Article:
Enhancing lupus treatment: What are the benefits of Manual Lymphatic Drainage?

Autoimmune diseases like lupus are pretty common nowadays. Lupus is a long lasting autoimmune condition where your immune system mistakenly attacks your healthy tissues, leading to a wide range of symptoms that can appear all over your body. But you should not worry, because there are complementary treatments like Manual Lymphatic Drainage, in Islington/Barnet or in an area near you, that can help you reduce flare risks and improve symptoms and your general well being. Let’s see what lupus is, its causes and what MLD can do for you!

What is Lupus?

Lupus is a chronic autoimmune disease where your  immune system (that in normal conditions protects your body) attacks your own healthy body tissue.

This attack causes inflammation, and in some cases permanent tissue damage, which can be widespread – affecting your:

  • skin, 
  • joints, 
  • heart, 
  • lung, 
  • kidneys, 
  • circulating blood cells, 
  • and even your brain.

If you are dealing with lupus, you may experience periods of illness (flares) and periods of wellness (remission). Flares can be mild to serious, but always unpredictable. However, once you get your treatment, you will be able to manage the disease.

What is the main cause of lupus?

The main cause of lupus, in most cases, is unknown. Experts think that a main cause might be the union of two factors: genetics + environment. In other words, if you have an inherited predisposition for lupus, it may develop when you get in contact with something in the environment that triggers the disease. 

What can trigger lupus?

  1. Sunlight. Exposure to the sun may bring on lupus skin lesions or trigger an internal response if you are susceptible.
  2. Infections. There are cases where having an infection can initiate lupus or cause a relapse (when your immune system is compromised for any external factor, it can trigger lupus). 
  3. Medications. Some meds can trigger lupus, for example:
  •  certain types of blood pressure medications, 
  • anti-seizure medications
  • antibiotics. 

Note: Patients who have drug-induced lupus usually get better when they stop taking the medication. It is unusual that symptoms persist even after the drug is stopped (but has happened in a few cases).

Are there risk factors for lupus?

Yes, there are factors that increase the risk of lupus; next we mention some of them:

  • Gender. Most seen in women than men.
  • Age. Lupus can affect people of  all ages, However, it’s most often diagnosed between the ages of 15 and 45.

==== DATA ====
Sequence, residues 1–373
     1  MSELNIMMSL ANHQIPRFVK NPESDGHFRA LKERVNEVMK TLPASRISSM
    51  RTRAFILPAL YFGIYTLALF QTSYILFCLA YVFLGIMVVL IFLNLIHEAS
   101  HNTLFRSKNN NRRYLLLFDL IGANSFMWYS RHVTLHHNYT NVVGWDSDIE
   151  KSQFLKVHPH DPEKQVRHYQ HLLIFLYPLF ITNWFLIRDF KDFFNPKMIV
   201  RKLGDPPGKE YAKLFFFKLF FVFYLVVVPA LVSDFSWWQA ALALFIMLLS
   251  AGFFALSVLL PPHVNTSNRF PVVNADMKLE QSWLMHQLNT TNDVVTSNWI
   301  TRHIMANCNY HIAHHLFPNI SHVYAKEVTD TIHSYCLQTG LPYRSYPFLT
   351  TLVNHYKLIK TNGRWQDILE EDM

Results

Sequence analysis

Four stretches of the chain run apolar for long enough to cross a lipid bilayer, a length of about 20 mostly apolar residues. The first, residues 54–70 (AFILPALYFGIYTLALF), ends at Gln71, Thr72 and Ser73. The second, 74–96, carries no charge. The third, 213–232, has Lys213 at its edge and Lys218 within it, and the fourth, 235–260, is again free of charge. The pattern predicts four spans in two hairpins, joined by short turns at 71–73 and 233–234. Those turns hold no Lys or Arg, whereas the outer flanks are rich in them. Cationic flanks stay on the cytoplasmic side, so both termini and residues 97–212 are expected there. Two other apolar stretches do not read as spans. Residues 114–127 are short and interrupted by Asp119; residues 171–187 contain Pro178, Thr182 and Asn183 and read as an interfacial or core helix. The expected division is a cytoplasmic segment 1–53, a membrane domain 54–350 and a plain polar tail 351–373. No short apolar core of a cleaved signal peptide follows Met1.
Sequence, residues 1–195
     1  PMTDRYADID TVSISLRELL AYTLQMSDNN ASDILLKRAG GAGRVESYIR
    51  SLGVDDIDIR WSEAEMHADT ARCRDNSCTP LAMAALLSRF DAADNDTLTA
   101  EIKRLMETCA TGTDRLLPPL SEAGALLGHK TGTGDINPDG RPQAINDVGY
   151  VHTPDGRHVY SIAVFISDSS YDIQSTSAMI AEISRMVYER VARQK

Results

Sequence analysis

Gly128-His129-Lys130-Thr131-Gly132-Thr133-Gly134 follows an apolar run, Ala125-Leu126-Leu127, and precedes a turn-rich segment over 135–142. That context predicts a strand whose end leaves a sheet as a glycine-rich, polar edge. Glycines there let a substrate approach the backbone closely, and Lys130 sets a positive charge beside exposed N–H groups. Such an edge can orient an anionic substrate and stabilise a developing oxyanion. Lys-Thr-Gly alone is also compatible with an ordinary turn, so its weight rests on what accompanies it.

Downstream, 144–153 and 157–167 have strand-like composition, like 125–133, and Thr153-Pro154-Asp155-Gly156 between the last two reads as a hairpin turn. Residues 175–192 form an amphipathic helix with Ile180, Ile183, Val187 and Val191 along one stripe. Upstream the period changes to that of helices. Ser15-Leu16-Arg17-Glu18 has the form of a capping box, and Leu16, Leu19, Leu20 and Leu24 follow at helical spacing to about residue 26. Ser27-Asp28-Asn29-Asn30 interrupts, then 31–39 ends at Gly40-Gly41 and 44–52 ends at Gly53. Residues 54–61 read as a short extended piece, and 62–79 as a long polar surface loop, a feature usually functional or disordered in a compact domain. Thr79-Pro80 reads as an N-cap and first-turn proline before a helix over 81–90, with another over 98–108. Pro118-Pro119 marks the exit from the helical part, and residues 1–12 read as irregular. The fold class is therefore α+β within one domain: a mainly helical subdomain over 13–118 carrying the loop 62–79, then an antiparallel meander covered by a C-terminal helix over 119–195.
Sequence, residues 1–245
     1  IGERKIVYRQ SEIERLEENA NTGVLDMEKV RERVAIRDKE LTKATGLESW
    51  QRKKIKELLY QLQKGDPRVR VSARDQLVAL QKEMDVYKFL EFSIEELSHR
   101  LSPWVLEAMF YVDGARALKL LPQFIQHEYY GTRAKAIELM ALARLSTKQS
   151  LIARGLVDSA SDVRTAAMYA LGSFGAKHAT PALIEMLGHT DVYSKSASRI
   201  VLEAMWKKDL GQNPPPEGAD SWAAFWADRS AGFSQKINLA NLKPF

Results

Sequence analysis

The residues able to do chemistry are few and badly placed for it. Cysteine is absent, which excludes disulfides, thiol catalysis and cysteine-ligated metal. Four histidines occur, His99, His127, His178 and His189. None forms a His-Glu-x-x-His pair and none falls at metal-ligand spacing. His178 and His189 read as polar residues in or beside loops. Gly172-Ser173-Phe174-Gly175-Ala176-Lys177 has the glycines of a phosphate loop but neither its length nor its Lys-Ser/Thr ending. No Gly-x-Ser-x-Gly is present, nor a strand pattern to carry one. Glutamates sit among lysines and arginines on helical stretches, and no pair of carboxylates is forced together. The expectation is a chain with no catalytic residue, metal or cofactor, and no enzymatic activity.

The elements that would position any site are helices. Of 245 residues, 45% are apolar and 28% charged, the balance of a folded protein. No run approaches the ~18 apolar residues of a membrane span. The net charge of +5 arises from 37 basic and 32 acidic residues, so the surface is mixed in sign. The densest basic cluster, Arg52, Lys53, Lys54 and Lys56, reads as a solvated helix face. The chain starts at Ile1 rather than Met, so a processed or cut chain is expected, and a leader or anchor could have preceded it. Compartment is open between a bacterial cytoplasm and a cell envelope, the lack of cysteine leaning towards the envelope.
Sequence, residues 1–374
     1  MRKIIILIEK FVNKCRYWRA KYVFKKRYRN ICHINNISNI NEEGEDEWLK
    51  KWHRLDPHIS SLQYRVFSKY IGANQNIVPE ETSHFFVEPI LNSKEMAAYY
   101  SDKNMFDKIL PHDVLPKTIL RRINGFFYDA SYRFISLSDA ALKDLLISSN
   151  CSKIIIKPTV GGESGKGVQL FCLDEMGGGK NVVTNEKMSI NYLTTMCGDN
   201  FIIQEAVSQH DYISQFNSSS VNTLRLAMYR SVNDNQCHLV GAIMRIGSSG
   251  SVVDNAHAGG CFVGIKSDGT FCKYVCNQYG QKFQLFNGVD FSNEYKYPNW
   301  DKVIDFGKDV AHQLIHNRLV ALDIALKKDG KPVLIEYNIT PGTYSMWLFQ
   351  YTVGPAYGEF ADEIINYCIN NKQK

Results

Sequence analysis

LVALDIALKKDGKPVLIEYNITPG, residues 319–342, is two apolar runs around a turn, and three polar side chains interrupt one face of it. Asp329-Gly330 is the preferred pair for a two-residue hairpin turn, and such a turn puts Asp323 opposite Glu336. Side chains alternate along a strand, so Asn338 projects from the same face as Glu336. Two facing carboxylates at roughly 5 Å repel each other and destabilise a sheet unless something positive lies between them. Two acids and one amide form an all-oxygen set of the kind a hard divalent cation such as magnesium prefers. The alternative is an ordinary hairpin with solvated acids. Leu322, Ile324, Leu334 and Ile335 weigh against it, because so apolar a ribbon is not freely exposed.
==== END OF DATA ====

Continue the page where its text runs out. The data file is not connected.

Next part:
• Race. Most seen in: African Americans, Hispanics and Asian Americans.
  • Environment
  • Stress

What are the types of Lupus?

There are different types of lupus like:

  •  Systemic Lupus Erythematosus (SLE) is the most common form, which affect multiple organs and systems. 
  •  Cutaneous lupus (affects your skin).
  • Drug-induced lupus (when meds induce the development of lupus symptoms).
  •  Neonatal lupus (seen in newborns). 

How can I know if I have lupus?

Lupus can be difficult to diagnose because its signs and symptoms often mimic those of other conditions. Although, the most distinctive sign is a facial rash that looks like the wings of a butterfly unfolding across both cheeks( seen in many patients, but not all cases).

Symptoms of lupus

Symptoms can vary from mild to severe and may include:

  •  joint pain, 
  • skin rashes, 
  • fatigue, 
  • fever, 
  •  stiffness,
  • swelling,
  • butterfly-shaped rash on the face that covers the cheeks and bridge of the nose,
  • rashes on the body,
  • skin lesions that appear or worsen with sun exposure (sunlight sensitivity),
  • fingers and toes that turn white or blue when exposed to cold or during stressful periods,
  • breathing problems,
  • chest pain,
  • dry eyes,
  • headaches, 
  • confusion and memory loss

How is lupus diagnosed?

If you have any or many of these symptoms visit your GP for a diagnosis. Sometimes, the diagnosis can be challenging due to the varied symptoms.

What are the available treatments for lupus?

Lupus treatment involves a combination of medication, lifestyle changes, MLD and regular monitoring by your healthcare providers.

What are the benefits of Manual Lymphatic Drainage in Lupus treatment?

Manual lymphatic drainage (MLD) has been explored as a potential treatment approach for autoimmune diseases like lupus. Research suggests that lymphatic dysfunction plays a significant role in systemic lupus erythematosus (SLE) and other autoimmune conditions. Some of the benefits that MLD when treating lupus are:

  • Reduce skin photosensitivity.
  • Improve immune reactions in SLE.
  • Reduce inflammation and stiffness.
  • Improving hand function in systemic sclerosis patients.
  • Reduce photosensitivity and disease flares by reducing specific cell types associated with lupus pathogenesis.
  • Boosts immune system
  • Stress and anxiety relief

In short,  MLD has beneficial effects on symptoms associated with these autoimmune conditions like lupus. For that reason, you should look for the best specialist in MLD technique. If you need advice or need more information, please be my guest, I´m always glad to help!

If you need advice or have any questions about our treatments, please contact us. You can find us in Mill Hill and Islington. We are always glad to help. If you like this blog, please share!










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